At home too, I’ve been reading Ulysses to Brooke.  That one poses its own challenges, since the shift from interior monologue to 3rd-person narration to dialogue is usually far from clear – it might actually be easier to see when you’re looking at the page, instead of listening.  But again, for me, reading it aloud, I’ve seen things I never saw before.  Joyce very deliberately chose hundreds and hundreds of words to make the individual chapters thematically coherent.  We most recently read the “Aeolus” chapter, where wind imagery, words and phrases dominate.  What seems like a sort of abstract thought experiment when you just look at the words really takes on a life of its own when it’s spoken aloud.  And again, the humor of the book comes through in a way that reading it alone, by yourself, it might not.

So try it yourself – read something aloud, to someone else, to a class of yours, or just to hear the sound of your own voice.

(Though I wouldn’t recommend Kant, Nates…)

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5 Responses to Reading Aloud

  1. Nates says:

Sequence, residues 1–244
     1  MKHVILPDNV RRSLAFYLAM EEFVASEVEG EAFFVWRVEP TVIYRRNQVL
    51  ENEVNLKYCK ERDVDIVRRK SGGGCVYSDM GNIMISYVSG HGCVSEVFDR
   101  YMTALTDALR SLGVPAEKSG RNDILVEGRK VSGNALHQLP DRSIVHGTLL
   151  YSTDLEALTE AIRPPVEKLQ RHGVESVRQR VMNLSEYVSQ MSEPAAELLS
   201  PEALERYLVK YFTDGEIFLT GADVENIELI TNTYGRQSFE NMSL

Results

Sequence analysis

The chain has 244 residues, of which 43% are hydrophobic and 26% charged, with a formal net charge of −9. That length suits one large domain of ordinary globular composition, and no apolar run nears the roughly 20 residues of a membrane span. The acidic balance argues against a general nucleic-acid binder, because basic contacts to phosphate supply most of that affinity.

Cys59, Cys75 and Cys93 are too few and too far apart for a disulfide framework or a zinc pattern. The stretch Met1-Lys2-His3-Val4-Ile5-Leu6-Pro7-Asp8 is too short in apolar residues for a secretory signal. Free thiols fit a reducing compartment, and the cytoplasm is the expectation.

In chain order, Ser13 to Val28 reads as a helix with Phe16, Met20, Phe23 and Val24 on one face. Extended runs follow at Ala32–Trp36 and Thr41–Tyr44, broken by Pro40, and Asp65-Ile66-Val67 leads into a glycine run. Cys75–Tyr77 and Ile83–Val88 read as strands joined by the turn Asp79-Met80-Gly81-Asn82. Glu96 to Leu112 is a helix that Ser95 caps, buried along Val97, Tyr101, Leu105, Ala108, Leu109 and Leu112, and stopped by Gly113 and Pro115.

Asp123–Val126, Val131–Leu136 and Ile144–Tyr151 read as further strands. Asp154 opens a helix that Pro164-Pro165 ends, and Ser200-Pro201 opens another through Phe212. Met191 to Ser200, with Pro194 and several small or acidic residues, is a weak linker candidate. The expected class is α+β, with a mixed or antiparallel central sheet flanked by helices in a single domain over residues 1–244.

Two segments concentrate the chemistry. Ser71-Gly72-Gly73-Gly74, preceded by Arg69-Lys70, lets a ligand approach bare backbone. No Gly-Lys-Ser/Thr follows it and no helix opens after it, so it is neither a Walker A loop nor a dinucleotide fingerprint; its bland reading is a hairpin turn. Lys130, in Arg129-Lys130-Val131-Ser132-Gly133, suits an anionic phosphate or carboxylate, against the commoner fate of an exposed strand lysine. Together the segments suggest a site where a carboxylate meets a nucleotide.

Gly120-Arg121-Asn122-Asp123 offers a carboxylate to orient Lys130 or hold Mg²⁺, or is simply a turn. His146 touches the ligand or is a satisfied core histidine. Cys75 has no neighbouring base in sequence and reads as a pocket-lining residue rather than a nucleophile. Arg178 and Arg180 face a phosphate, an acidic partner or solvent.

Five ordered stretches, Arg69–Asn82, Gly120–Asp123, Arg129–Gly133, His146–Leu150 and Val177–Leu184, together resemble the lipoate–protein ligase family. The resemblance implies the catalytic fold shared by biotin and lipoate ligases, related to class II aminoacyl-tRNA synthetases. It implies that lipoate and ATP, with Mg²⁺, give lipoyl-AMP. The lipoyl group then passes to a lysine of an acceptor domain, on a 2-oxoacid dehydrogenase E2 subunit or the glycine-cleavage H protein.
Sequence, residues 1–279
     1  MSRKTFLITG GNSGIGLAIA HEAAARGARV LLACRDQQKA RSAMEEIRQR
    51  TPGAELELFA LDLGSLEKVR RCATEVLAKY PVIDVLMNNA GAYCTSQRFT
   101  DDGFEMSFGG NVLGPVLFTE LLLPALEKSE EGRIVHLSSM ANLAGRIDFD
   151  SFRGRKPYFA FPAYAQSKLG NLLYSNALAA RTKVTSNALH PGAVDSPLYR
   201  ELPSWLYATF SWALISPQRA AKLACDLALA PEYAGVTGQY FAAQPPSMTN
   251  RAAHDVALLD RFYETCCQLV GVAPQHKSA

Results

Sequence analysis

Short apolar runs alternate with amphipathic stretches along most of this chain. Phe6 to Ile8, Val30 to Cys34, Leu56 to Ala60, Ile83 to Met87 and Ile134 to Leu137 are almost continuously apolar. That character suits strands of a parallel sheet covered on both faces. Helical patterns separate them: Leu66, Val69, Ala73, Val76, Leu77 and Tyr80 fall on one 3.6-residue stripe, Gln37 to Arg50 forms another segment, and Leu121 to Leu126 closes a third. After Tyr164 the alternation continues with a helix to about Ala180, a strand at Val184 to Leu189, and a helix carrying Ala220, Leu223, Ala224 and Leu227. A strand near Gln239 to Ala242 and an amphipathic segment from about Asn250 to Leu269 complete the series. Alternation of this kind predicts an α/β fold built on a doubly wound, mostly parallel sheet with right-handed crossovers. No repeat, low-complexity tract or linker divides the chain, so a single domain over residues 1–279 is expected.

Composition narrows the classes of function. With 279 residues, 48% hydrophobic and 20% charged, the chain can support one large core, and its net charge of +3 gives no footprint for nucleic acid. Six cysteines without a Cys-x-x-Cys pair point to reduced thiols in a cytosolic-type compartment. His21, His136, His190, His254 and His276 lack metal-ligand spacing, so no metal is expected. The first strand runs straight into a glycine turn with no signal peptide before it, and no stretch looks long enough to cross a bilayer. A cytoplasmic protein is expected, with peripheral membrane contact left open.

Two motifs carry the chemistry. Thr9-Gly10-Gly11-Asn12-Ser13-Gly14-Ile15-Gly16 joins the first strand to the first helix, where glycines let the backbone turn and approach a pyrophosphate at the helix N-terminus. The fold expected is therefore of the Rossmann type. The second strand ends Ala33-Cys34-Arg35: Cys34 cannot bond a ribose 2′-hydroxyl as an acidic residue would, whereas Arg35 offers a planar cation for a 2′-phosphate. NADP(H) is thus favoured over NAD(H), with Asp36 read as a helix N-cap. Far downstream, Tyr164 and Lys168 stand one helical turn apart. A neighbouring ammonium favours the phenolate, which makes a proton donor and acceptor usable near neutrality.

Kant’s only beautiful on the page, in the original Fraktur script.

    This is a really interesting experiment, Josh. I wonder if the effect (meaning the extra stuff noticed when spoken) is greater for works written before reading aloud fell out of fashion. That is, I wonder if there’s a distinctive way of writing for an audience that will actually hear the words.

  2. Josh says:

    It’s funny you ask that. While reading Ulysses there have been several times where I needed to show Brooke how the print looked on the page. A lot of the jokes come from that, rather than the sound of the words. Like chapter 7 – it’s written like a series of newspaper articles, but you wouldn’t necessarily know that from reading it aloud. Or in chapter 8, where the joke involving the phrase “U.P. up” is made several times. That joke isn’t joke aloud, it’s only with the printed letters that it becomes funny.

  3. Nates says:

    David recently recommended Mark Twain’s screed against James Fenimore Cooper: http://etext.virginia.edu/railton/projects/rissetto/offense.html. It’s a great piece, as one would expect from Twain. This led me to the Wikipedia entry for Cooper, since I don’t know his stories very well. There I found the following paragraph, which seems relevant to this conversation: